Thursday, September 12, 2013

Plato’s dark forecast about Democracy without Rule of Law

Plato knew well democracy without rule of law in Pakistan will be dominated by demagogues, chaos will ensue, to reestablish order, the people will welcome tyrant, and tyranny will give to other evils!

See this article which appeared in The New York Times on September 11, 2013:

Democracy as chimera

The news from Egypt confirms Plato’s dark forecast about democracy. Early this month the ruling junta in Cairo arrested a labor lawyer and a journalist, raising concerns that the regime’s repression now targets not just Islamists but also secular critics.

As Plato warned, extreme freedom risks extreme slavery. He predicted that democracy — “people rule” — will quickly be dominated by demagogues. Chaos will ensue. To reestablish order, the people will welcome a tyrant. Tyranny will give birth to other evils.

One of America’s leading specialists on the Arab world, the late Ambassador Hermann F. Eilts, agreed with Plato. Having helped mediate the Camp David accord between Egypt and Israel in 1978, Eilts became a professor at Boston University. Before his death in 2006, Eilts often shared with me his misgivings about official U.S. support for “democracy.” Serving in many posts throughout the Islamic world — in Iran and Bangladesh as well as in Yemen, Saudi Arabia, Libya (Muammar el-Qaddafi wanted to kill him) and Egypt, Eilts saw up close the pitfalls of authoritarian rule.

[From The New York Times]

He disliked Washington’s penchant for bribing dictators and for compelling recipients of “aid” programs to buy food, tools and planes made in the United States. Still, Eilts foresaw that “democracy” without the rule of law and respect for minority rights could lead to troubles like those forecast by Plato.

Representative government demands far more than formalities. Hermann Eilts’s father left the German diplomatic corps and moved to Pennsylvania just a few years before 1933, when Germany’s president, elected in a multiparty contest, appointed Adolf Hitler chancellor of Germany, expecting him to lead a short-term coalition government.

Hitler quickly changed everything. To gain power, he used and abused the country’s Weimar Constitution, established in 1919 — “the most liberal and democratic document of its kind the twentieth century had seen,” according to William Shirer’s “The Rise and Fall of the Third Reich.”

Why then did democracy collapse in Germany and prove short-lived in Egypt? Political malaise is often the product of the prevailing political culture, especially when a country is buffeted by cruel events. Weimar Germany, like Egypt today, was polarized. Left-wing parties fought both liberal and rightist forces. Their struggles, sharpened by worldwide Depression, produced a stalemate at the polls that helped Hitler to neuter democracy.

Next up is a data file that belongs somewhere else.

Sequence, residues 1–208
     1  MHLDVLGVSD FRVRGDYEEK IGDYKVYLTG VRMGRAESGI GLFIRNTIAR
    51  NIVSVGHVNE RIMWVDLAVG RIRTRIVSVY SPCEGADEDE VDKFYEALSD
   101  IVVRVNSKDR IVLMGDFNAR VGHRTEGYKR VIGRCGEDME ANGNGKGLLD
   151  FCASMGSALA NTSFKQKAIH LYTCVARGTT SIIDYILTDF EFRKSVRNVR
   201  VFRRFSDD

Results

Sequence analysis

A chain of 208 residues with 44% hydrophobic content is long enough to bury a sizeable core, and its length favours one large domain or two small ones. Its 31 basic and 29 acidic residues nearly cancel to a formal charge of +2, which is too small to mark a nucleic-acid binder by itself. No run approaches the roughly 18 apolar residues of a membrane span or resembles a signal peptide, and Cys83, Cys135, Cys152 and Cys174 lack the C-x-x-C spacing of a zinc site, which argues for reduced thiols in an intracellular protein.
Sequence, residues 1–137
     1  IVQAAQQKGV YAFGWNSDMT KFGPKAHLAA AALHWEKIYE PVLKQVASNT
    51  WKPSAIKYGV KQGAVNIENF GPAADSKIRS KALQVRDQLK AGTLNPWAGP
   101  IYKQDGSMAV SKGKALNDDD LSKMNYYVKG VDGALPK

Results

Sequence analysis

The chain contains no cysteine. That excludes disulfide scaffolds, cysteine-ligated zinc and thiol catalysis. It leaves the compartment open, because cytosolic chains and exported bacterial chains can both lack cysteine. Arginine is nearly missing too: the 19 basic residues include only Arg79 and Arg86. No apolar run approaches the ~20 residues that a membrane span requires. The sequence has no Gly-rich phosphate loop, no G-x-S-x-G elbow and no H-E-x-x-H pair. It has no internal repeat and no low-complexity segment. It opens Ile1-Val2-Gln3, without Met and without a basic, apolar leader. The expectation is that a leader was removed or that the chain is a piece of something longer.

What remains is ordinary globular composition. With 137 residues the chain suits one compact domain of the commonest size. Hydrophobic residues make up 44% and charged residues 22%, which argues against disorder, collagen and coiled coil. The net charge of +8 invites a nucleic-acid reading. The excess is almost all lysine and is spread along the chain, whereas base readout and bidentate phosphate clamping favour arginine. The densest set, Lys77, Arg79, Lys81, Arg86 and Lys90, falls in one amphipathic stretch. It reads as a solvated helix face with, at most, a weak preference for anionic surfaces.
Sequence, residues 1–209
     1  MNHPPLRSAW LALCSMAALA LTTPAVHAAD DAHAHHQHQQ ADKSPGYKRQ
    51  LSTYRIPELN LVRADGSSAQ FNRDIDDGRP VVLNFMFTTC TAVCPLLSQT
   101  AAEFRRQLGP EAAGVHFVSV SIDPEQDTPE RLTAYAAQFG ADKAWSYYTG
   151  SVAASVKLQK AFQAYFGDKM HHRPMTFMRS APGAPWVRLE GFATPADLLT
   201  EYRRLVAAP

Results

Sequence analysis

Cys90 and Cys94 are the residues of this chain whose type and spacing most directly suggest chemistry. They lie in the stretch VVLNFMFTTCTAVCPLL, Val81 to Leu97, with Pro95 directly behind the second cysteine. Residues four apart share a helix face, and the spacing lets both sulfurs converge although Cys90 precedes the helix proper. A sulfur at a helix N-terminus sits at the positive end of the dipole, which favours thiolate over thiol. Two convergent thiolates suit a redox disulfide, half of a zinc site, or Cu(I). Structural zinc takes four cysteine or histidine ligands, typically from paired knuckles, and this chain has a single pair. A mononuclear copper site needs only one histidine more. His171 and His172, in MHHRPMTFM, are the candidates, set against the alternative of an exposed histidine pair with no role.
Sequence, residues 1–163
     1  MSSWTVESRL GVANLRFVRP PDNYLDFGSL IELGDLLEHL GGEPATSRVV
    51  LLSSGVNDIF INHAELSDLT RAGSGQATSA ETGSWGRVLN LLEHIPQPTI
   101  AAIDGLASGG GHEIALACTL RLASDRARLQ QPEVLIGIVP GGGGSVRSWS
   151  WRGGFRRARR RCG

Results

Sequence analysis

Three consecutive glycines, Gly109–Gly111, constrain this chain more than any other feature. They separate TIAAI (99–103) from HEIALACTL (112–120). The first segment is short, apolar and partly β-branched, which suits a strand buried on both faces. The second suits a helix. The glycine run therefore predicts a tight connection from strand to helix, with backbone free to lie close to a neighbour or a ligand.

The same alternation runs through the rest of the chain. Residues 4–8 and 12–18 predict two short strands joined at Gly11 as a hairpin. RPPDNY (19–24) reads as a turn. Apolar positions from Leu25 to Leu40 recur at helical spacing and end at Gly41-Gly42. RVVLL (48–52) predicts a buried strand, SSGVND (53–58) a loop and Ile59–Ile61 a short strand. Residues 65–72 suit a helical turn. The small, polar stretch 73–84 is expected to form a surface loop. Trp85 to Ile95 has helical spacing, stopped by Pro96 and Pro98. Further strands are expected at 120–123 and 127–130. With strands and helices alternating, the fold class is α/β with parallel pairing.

Egypt too is deeply split. For decades the Muslim Brotherhood was the only organized force resisting authoritarian rule. Banned from formal political life, it nevertheless enlisted millions of supporters. When Tahrir Square protesters managed to oust Hosni Mubarak from the presidency in 2011, many Egyptians wanted a secular democracy. But the secular groups had no political machine ready for action like the Muslim Brotherhood, whose candidate, Mohamed Morsi, emerged as the new president.

Like Hitler in 1933-1934, Morsi then acted to create a totalitarian dictatorship. Following weeks of protests, Morsi was unseated on July 3 by a council led by the defense minister, Gen. Abdul-Fattah el-Sisi, the liberal leader Mohamed ElBaradei, the grand imam of Al-Azhar, Ahmed El-Tayeb, and the Coptic pope, Tawadros II. Soon, General Sisi directed a crackdown against all opponents.

As Plato might well have expected, politics in Egypt has gone from bad to worse — from a moderate dictatorship to an elected but ideologically driven dictatorship to a much more violent and intolerant dictatorship. U.S. officials have been torn between concerns for stability and for self-rule. Washington usually offered its official friendship (plus more than $1 billion in aid each year since 1979) to whoever ruled Egypt. But it has also applauded each move — real or apparent — toward democracy, with very little to show for it.

See the full story which published first in the New York Times, and a version of this op-ed appeared in print on September 11, 2013, in The International Herald Tribune:

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